The nbn™ have recently implemented 147 network fixes and optimisations following feedback from those already on the service, in an attempt to improve user experience and reach stability.
Many users are beginning to draw attention to the “data drought” perceived by many in rural and regional areas of Australia, many with no other access to internet or phone services.
Activ8me recently reevaluated their plans and peak data use under the Fair Use Policy (FUP) set out by the nbn™, and offered both new and existing customers up to 15GB extra data at no cost.
During the recent senate estimates, nbn™ co’s Chief customer officer stated that the company is “quietly confident” they will be able to reassess the peak hour usage limit on the satellite service in the future, and potentially raise it.
According to ITNews:
“What we’re reviewing is whether with that capacity and the current performance we can release more and upgrade the fair use policy.”
Currently, ISPs like Activ8me are forced to limit customers to an average of 30GB of downloads every four weeks, averaged out over their customer base. The current average monthly usage sits at roughly 23GB a month across all ISP’s, but those in regional areas have adopted measures to protect their data.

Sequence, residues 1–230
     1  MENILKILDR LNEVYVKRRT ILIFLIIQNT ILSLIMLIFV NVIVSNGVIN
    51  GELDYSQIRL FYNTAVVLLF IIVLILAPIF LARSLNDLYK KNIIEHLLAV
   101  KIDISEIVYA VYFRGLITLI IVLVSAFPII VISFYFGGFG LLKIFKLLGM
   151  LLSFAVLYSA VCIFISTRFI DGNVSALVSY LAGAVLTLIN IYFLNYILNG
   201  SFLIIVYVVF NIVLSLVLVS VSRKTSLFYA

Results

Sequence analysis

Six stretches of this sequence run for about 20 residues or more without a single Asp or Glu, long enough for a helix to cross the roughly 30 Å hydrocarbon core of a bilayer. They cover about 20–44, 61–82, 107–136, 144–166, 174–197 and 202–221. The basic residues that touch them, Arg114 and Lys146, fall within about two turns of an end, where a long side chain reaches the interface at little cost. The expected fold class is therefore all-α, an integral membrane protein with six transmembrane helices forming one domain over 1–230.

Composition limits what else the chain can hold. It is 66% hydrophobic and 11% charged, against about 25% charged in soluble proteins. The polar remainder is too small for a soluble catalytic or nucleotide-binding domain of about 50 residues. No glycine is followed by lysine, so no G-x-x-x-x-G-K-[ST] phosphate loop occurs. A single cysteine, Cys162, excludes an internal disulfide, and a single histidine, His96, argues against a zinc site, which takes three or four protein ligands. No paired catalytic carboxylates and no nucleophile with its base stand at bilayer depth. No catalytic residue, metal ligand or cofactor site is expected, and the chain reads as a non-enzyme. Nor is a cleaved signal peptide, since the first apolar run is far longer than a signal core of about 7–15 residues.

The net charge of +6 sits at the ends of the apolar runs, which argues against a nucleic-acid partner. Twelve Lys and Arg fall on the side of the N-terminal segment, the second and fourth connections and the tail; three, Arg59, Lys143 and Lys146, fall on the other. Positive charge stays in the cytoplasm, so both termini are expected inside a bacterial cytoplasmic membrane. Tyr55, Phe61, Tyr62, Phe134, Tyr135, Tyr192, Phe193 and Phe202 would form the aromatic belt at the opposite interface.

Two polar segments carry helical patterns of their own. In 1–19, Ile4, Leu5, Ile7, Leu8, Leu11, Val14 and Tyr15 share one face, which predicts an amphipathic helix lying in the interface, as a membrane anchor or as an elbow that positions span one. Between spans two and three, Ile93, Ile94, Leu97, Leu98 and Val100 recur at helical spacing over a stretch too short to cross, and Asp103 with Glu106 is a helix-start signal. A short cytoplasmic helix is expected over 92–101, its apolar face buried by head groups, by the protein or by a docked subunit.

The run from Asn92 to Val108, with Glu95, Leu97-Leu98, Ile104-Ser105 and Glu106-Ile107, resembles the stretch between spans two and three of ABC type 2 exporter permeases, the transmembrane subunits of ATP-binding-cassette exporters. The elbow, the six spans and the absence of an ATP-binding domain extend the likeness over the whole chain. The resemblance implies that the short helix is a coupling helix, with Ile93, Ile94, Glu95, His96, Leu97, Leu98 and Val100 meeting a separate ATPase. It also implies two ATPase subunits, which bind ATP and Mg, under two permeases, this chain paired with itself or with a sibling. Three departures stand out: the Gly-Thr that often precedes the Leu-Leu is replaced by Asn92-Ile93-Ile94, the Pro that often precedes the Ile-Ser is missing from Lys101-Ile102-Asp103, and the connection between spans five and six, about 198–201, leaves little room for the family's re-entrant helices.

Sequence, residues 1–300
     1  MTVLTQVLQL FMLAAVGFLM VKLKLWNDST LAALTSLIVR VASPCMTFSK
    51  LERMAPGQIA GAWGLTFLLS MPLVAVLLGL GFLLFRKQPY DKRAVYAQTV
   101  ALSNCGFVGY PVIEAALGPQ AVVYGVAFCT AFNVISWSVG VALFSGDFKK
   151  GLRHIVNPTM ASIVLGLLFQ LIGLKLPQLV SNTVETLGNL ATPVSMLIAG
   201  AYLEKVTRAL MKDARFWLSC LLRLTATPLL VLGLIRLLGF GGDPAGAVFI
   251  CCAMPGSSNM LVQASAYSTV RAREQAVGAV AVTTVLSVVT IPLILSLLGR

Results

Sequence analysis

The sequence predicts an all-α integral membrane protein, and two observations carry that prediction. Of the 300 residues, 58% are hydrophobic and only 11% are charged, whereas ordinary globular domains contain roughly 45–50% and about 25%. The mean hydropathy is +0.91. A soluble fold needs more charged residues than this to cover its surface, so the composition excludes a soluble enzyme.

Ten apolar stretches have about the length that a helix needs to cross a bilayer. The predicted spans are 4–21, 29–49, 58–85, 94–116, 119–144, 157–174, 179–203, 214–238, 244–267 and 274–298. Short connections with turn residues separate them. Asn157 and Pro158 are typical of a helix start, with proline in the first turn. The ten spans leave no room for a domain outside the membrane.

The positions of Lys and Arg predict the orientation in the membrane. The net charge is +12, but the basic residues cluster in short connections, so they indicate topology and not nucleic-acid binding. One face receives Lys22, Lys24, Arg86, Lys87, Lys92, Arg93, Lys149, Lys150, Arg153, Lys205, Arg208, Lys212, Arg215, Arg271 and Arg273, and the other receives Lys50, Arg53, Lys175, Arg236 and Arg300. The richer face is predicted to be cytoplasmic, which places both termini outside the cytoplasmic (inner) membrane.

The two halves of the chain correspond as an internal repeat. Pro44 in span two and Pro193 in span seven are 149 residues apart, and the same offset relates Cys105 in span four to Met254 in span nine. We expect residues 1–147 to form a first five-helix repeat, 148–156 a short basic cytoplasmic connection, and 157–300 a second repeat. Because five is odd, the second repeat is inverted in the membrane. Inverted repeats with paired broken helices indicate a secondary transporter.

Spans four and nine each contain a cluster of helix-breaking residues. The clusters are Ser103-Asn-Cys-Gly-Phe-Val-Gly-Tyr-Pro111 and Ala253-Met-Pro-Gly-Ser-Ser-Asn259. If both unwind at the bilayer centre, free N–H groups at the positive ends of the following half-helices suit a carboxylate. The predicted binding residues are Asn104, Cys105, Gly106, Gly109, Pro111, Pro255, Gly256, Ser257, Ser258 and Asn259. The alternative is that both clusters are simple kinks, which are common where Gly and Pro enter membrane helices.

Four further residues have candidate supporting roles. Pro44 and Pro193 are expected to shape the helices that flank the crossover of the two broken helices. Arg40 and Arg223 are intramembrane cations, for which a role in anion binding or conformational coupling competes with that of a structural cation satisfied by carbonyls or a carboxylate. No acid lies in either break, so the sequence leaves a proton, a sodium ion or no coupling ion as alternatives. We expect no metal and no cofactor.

Streaming is a luxury for many connected on satellite, with Netflix and other streaming services capable of using large amounts of data with their HD images. Many also use scheduled downloaders to make the most of their bonus off peak data between 1am-7am local time.
“Without the second satellite, the fair use policy would have been a 20GB average cap […] We’re now reviewing the 30GB to see if we can make it broader.”
-Chief customer officer John Simon
Many in regional and rural Australia are hoping this speech at the senate estimate meeting is a signifier of change to come, as are those working hard at supplying nbn™ connection to those areas.
“As Australia’s largest satellite nbn™ provider, Activ8me are hopeful that in the near future nbn co will raise their FUP, allowing us to help begin closing the gap between regional and urban Australian data allowances.”
-Activ8me CEO, Tony Bundrock